Coal may be a dirty four-letter word these days, but the smutty black nuggets once powered the bustling trams of Brisbane; and it all happened at a prime river-side setting in New Farm.
The imposing New Farm Powerhouse was built to power the extensive tramway network of Brisbane, reportedly the largest in the southern hemisphere.
Designed by council architect Roy Rusden Ogg, the building was constructed in stages between 1928 and 1940.
Coal arrived by rail and barge to be stored in an enormous stockpile in a dedicated holding yard. Industrial pollution has long been a bi-product of power generation, but it was especially taxing for nearby residents. Wash days were often plagued by clouds of billowing black smoke and fine particles of dust that delivered a whole new meaning to smutty white smalls on the Inala Palms (Hills Hoists).
Trams began to fall out of favour with the introduction of modern motor buses after WW2 and the Powerhouse began to suffer a slow but inevitable decline. The last tram was removed in 1969 and the Powerhouse was officially decommissioned in 1971.
The redundant monolith was sold to the Queensland Government and repurposed for a variety of uses: as a works depot, a chemical store, a training base for military exercises, and a refuge for homeless people. Sadly, it languished in a state of squalid disrepair for many years before returning to Brisbane City Council custodianship in 1989.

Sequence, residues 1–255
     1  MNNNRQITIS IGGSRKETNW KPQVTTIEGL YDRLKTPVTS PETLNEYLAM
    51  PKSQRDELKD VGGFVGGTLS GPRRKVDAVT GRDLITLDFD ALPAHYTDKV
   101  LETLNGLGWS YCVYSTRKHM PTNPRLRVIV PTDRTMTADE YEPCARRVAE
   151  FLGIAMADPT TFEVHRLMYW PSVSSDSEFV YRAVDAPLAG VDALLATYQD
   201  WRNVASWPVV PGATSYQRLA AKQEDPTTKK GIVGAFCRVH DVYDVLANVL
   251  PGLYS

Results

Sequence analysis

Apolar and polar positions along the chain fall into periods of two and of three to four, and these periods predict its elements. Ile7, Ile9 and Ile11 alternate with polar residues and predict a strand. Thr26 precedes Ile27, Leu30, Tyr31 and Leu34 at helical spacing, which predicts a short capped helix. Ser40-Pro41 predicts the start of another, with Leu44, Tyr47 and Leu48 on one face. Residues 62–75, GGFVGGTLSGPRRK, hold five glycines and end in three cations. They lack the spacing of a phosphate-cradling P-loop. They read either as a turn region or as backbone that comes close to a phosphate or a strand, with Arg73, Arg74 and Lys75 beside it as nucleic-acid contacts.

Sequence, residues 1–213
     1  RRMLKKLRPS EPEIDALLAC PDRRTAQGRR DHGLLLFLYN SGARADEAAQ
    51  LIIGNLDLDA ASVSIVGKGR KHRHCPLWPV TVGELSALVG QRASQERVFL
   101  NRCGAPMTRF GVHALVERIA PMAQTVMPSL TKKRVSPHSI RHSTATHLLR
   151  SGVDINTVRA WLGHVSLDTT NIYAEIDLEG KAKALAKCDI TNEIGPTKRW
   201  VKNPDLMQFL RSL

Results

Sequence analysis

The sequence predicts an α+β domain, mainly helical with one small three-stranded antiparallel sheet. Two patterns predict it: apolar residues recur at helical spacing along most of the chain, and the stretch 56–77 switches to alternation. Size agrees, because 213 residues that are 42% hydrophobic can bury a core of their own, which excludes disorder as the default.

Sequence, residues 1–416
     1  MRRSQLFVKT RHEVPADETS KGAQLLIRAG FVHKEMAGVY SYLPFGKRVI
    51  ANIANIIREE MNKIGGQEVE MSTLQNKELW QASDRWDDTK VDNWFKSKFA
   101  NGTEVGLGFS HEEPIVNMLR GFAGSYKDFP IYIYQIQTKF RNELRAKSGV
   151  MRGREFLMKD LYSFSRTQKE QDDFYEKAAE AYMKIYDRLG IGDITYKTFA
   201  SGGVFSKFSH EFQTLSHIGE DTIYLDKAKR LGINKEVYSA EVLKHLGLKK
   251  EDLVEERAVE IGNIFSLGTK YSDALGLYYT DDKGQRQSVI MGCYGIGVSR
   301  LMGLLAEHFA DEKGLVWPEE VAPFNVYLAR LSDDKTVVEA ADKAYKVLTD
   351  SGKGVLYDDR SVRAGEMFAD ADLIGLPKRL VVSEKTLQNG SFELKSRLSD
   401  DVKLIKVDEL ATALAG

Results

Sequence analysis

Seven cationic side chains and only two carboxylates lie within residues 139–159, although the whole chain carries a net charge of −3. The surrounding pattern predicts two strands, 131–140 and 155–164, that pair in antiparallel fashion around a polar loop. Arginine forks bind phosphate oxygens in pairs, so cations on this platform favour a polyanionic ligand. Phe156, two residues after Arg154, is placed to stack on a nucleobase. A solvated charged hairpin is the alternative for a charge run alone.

These days, the Powerhouse enjoys a new lease of life as a temple to the arts, performing and visual. The raw-edge industrial ambience has been preserved, along with an abundance of heritage-listed graffiti.
The graffiti may be celebrated by thousands of visitors every week, but there are no trams or tram-related memorabilia to be seen. In fact, the only mention of the once iconic people parcel can be found on a modest information board hidden behind a privacy screen in a neglected corner. Pity, because the Powerhouse owes its very existence to trams.
The Powerhouse may be a temple to the arts, but the Brisbane Tramway Museum is a temple of transport. The extensive collection of heritage vehicles includes a tangle of trams tucked away in deep storage. Sadly, a shortage of funding and lack of volunteers means the sleeping beauties are unlikely to see the light of day for a very long time. Will a courageous visionary pluck one out of hibernation for display at the Powerhouse? One can only hope, but if it ever happens it would surely qualify as a worthy installation, a precious nugget of nostalgia in a gallery of graffiti…..….
© David Fryer email@example.com
The Brisbane Tramway Museum is proudly sponsored by the Brisbane City Council.